We get back in the shower, and the hardest hours of my life begin - physically, but more psychologically than anything. Nick is with me, the lights are out, Carmen is holding a hot stream of water on my back. I drink some chocolate milk, which gives me brief moments of pleasure, and I try to hold onto that feeling. It's futile, and by the next contraction, all pleasure is gone. The bath is steamy and dark and I hit many many crushing contractions in a row - they are peaking several times within each, and I honestly believe I can no longer tolerate it. The pain becomes so psychologically disturbing to me. I keep shouting "WHY?! I need to understand why this is so hard?!" and Pamela tells me "It's the only thing that can match the beauty of seeing your baby for the first time."

I begin to beg for mercy from God, over and over and over. Crying between contractions, gasping for breath and flailing. I begin to ask Nick and Carmen for the epidural. I tell them both that I have to have it. "Please! I will still tell everyone I went natural! Please!" Nick keeps shaking his head no, calmly telling me, as I had instructed him to, "you don't want it, you are so close honey." I am definitely panicking now. Having a hard time saying calm and breathing throughout. After every contraction I am winded and terrified, gasping for breath and begging, whimpering, crying, shaking my head, losing my mind. Finally, my partner in life, my amazing husband snaps me out of it, commanding me gently but firmly to look him in the eyes each time I contract and to hum along with him through the pain. To hold on. "This is life" he tells me. "It's hard. But you are strong enough to do this." I stay with him. The fog lifts, the steam of the shower clears, and transition it seems, is over.

I get out of the shower and back into bed - on my hands and knees, and Pamela tells me I am almost there, just a small lip of my cervix to go. As soon as I feel the urge to push, I can. I have my first small wave to bear down and begin to grunt without trying. I am on my hands and knees, facing the head of the bed, and want to push hard. I yell "what happens if I pooooop?!", as I know Pamelas face is right there. Laughter ensues.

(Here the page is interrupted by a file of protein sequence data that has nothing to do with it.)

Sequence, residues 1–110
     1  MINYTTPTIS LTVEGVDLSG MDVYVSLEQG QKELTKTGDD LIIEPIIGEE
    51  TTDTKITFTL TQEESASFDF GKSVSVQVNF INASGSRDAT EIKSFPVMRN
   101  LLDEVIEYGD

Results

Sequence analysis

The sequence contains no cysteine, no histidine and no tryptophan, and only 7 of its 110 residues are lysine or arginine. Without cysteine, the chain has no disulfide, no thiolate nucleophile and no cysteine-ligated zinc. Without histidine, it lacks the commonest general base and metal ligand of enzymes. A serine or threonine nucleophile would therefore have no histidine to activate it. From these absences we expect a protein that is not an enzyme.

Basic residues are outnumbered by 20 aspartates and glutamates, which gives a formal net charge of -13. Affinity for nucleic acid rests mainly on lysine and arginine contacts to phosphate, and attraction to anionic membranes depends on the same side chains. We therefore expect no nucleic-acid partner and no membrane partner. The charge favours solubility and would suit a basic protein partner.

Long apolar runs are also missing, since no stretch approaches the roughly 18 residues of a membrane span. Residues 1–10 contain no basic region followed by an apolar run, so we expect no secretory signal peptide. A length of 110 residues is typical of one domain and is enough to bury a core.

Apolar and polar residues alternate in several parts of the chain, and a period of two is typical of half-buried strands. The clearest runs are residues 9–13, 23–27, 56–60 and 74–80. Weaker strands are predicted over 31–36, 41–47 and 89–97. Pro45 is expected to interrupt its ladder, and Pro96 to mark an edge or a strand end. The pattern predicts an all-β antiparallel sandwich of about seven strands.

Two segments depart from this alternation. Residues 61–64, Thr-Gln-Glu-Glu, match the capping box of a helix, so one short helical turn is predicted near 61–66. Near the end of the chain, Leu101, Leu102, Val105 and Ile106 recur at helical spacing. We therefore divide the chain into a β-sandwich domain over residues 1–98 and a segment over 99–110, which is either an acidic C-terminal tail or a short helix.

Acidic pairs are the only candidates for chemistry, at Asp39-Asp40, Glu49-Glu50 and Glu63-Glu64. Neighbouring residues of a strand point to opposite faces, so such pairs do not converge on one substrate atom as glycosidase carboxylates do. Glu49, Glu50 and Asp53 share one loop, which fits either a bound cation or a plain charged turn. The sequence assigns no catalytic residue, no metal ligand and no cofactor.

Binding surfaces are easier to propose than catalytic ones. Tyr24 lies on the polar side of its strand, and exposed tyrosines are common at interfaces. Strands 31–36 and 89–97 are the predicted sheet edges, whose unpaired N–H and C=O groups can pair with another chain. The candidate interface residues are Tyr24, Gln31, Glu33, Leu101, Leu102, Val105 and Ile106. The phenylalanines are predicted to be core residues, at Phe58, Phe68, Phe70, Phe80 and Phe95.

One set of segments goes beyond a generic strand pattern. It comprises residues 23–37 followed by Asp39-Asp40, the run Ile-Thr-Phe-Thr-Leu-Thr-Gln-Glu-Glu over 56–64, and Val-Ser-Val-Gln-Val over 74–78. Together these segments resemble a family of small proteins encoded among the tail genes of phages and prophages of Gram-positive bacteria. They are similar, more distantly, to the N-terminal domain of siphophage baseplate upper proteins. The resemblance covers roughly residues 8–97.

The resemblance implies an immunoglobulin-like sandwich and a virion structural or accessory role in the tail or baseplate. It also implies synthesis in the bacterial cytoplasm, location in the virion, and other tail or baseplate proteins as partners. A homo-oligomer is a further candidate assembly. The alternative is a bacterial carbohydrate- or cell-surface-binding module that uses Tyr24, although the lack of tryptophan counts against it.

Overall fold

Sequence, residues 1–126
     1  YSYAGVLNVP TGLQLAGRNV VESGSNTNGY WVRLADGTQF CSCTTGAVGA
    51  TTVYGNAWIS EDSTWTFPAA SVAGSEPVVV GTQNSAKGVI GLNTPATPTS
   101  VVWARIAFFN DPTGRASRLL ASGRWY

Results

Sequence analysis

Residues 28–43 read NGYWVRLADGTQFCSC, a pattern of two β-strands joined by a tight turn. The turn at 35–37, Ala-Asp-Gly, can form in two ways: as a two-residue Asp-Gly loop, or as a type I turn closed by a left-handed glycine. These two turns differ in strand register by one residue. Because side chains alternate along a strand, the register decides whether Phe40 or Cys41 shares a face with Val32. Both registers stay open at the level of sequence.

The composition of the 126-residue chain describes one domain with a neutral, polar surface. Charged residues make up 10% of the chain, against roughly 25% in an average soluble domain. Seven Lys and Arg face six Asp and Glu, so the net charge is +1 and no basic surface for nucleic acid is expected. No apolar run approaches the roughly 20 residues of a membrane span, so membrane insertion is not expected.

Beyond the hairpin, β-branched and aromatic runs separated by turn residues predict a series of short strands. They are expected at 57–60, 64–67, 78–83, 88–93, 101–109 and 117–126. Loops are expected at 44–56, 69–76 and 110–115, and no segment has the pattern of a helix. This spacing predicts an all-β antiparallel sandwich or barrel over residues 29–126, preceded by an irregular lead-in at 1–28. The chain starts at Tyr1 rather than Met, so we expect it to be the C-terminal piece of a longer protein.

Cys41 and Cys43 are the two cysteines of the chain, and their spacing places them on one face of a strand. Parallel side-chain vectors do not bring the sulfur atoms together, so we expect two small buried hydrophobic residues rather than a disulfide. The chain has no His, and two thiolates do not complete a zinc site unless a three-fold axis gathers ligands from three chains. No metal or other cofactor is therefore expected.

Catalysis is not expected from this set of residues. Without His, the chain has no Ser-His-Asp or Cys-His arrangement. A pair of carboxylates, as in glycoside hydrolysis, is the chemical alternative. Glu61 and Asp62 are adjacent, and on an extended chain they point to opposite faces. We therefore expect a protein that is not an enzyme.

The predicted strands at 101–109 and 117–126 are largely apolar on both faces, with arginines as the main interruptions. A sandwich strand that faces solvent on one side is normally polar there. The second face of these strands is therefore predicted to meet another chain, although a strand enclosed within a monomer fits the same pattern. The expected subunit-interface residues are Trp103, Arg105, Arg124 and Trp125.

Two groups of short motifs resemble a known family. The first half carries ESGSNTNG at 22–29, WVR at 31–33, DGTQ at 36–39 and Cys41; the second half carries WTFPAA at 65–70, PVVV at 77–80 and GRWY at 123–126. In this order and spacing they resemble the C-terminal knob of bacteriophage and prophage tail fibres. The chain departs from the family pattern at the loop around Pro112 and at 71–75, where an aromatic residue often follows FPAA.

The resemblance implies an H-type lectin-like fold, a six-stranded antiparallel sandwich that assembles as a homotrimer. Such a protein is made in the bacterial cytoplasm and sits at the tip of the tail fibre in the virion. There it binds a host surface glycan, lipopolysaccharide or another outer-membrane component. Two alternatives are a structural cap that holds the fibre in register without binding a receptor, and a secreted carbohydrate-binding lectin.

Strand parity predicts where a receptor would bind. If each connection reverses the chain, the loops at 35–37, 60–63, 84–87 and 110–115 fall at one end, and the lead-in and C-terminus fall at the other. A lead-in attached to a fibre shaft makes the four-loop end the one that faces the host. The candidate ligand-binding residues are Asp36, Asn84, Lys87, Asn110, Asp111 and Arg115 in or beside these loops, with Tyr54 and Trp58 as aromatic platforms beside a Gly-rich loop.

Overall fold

The urge to push rips through me with such intensity, it absolutely takes my breath away. I am shocked! I turn to everyone between contractions and declare breathlessly "this is so intense!" They nod with knowing smiles. They know. They have all felt it before. It scares me. I hadn't anticipated this feeling! The women on TV all have to make themselves push, but my body was doing it for me. I couldn't NOT bear down. Pamela convinces me to turn around and squat, and after some resistance and fear, I do. They have arranged the bed so that I can sit up and squat down, Nick sitting behind me, and I continue to push. Despite being terrifying, it feels so much better than just tolerating the pain. The room is still dark, but a spotlight is shining down on me. The women in the room encircle me, the lightbeam glowing up at them, casting a beautiful and sacred glow onto the faces of each one. Carmen, my trusted doula; Pamela, my smooth faced, young and patient midwife; the Labor and Delivery nurse, her face glowing and pleased with her own presence in the room; and Marianne, the veteran midwife, standing calmly next to me, offering reassuring words that I cling to. They are focused on me, helping me, holding me, smiling at me. I feel honored. I understand in this moment that I am part of something sacred and special, privy to this ancient practice I had read so much about, and now was experiencing in the most viceral, intense way imaginable.